7.   South Coast Air Quality Management District Staff Report for Rule 1175, “Control Of
          Emissions From The Manufacture Of Polymeric Cellular (Foam) Products”,1991, Laki
          Tisopoulos, et. al..


     8.   Bay Area Air Quality Management District Staff Report for Rule 8-52, “Polystyrene,
          Polypropylene and Polyethylene Foam Product Manufacturing Operations”, Douglas Tolar,
          et. al., 1999.


     9.   WinCup/URS/Duane Morris Cost Analysis Of Post-Molding Controls/RACT Analysis For
          Pentane Emissions From Warehouse, WinCup – Tolleson, Arizona – November 3, 2003,
          December 2003, and January 2004.




                                                   -5-
     10. WinCup informal study of VOC contents during various stages of cup production and after 18
         and 22 days of storage, Corte Madera/Richmond CA operations.


     11. WinCup informal study of VOC contents during various stages of cup production, April,
         June, November 2001. Specific details of this report may be confidential.


     12. WinCup informal 6-week study at the Win-Cup Phoenix/Tolleson facility November and
         December 2002. VOC-contents of 4 different cup types (including 3 densities) determined
         when newly molded and after, respectively: 1 ,2, 3, 4, and 7 days; and after 2, 3, 4, 5, and 6
         weeks. Specific details of this report may be confidential. 2003.


     13. WinCup/URS Pentane Control Analysis Report for WinCup - Tolleson, Arizona, December
         2001.

     14. WinCup/URS RACT Control Cost Documentation (Supplemental to December 2001 Report),
         January, 2004.


8.   A showing of good cause why the rule is necessary to promote a statewide interest if the rule
     will diminish a previous grant of authority of a political subdivision of this state:
     Not applicable


9.   The summary of the economic, small business, and consumer impact:
     This economic statement (EIS) was developed to estimate the impact of the rule. The impact
     statement, comprising potential costs and benefits represents an estimate. Maricopa County has
     identified four facilities that expand polystyrene (EPS) to make foam products, each of whose
     uncontrolled VOC emissions exceed the major source threshold, 50 tons per year. Two of these
     facilities are Title V sources that expect to continue to emit more than 50 tons per year, even when
     controlling VOC emissions according to this rule. In addition, two of the four facilities recently
     installed new VOC-control devices. These two facilities provided information to the Department
     on actual costs for the new systems they installed. The Department used the actual costs to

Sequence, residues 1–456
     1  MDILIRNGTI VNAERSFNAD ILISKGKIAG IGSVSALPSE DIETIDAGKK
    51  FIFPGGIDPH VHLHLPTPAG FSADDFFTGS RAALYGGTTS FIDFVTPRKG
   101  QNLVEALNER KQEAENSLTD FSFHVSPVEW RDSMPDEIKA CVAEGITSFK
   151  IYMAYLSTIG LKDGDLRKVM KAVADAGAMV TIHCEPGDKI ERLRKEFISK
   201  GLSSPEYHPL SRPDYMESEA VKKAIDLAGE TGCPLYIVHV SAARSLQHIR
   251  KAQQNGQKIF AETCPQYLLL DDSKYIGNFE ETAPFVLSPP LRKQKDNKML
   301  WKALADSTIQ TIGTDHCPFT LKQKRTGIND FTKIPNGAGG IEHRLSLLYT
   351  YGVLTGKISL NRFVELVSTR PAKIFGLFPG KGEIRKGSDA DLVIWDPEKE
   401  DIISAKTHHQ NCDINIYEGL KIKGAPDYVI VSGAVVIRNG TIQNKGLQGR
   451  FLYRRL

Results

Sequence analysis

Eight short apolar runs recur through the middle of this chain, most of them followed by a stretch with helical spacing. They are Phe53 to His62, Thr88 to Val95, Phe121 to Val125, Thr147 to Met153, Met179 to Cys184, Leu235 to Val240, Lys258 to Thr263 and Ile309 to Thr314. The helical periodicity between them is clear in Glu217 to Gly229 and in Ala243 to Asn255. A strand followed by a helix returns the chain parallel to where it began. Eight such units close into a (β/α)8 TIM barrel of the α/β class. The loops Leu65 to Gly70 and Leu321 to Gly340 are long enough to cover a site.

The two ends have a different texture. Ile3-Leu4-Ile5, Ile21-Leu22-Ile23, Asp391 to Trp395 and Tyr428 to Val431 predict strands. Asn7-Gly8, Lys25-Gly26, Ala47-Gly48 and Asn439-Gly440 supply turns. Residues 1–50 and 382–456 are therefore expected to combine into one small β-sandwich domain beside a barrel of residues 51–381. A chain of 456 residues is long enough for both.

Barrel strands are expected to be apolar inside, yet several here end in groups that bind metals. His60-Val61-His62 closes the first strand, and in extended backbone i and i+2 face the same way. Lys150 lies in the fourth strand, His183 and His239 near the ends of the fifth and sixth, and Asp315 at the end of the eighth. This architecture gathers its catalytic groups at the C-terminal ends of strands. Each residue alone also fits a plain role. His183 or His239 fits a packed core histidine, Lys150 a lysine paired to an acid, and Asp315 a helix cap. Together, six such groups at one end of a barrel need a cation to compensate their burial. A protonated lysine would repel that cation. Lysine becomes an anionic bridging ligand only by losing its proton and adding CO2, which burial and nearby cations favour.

calculate cost effectiveness consistent with the methodology described in EPA Air Pollution
     Control Cost Manual – Sixth Edition (EPA 452/B-02-001), January 2002.


     Two EPS block companies reported spending between $220,000 and $310,000 for their capital
     equipment. One of them also provided additional details. The County used the EPA default values
     to fill in the particular values which were not provided. Using this method, the cost effectiveness
     is $2,104 to $3,990 per ton of VOC reduced when the rule’s standards are met. Based on limited


                                                -6-
testing information, block makers will probably have to increase aging times for some products.
Increasing aging time will require additional aging capacity to maintain current production levels.
The cost of a 1,500 cubic foot aging-bag ranges from approximately $1,100 to $5,000 while other
costs – equipment, direct installation, and indirect costs – total from $1,350 to $4,500. . If internal
space is tight, vendors can also supply an external bead silo to expand aging capacity. The
Department received an estimate for a 4,000 cubic feet silo of approximately $21,000 installed.


For the cup-maker, the County estimates a per-ton-reduced cost of $3,790 to $7,038; the midpoint
estimate is $5,400. For these estimates, the County used data from the cost estimates submitted by
the cup maker initially in 2002(ref.#13) for manufacturing processes and in 2004(ref.#9) for
constructing total enclosures for storage, as well as quotes from oxidizer manufacturers. Both the
cup maker and the County used methodology consistent with the EPA Costref.#3) manual. Actual
costs may be lower if the company’s existing means of VOC control has sufficient capacity to also
serve additional enclosure(s). The range of cost effectiveness is derived from the range of VOC
emissions in the testing information supplied by the cup-maker.


The following table summarizes the cost effectiveness calculations. The details of the cost
estimates can be found in the RACT Analysis for Rule 358.




                                            -7-
                                     Table 1: Rule Cost Effectiveness


Production Volume        Est. 2001        Est. VOC          Total       Annual cost of       Annual cost per
 of Block Facilities      VOC             Emission          VOC         new ECS from           ton VOC
                         Emission         with Rule       Emissions     RACT Analysis          reduced*
                           TPY               358          Reductions    Appendix A-2
                                            TPY             TPY




Small block maker          63.1              27.7            35.4          $ 170,936              $ 4,824




  Medium block             91.1              21.0            70.0          $ 147,322              $ 2,104
       maker



Large block maker          91.6              57.2            34.4          $ 137,267              $ 3,990




Cup-making facility        180.7            143.4            37.3          $ 201,929             $ 5,414*




        •   EPA range of ± 30% = $3,790 – $7,038 for cost of ton reduced.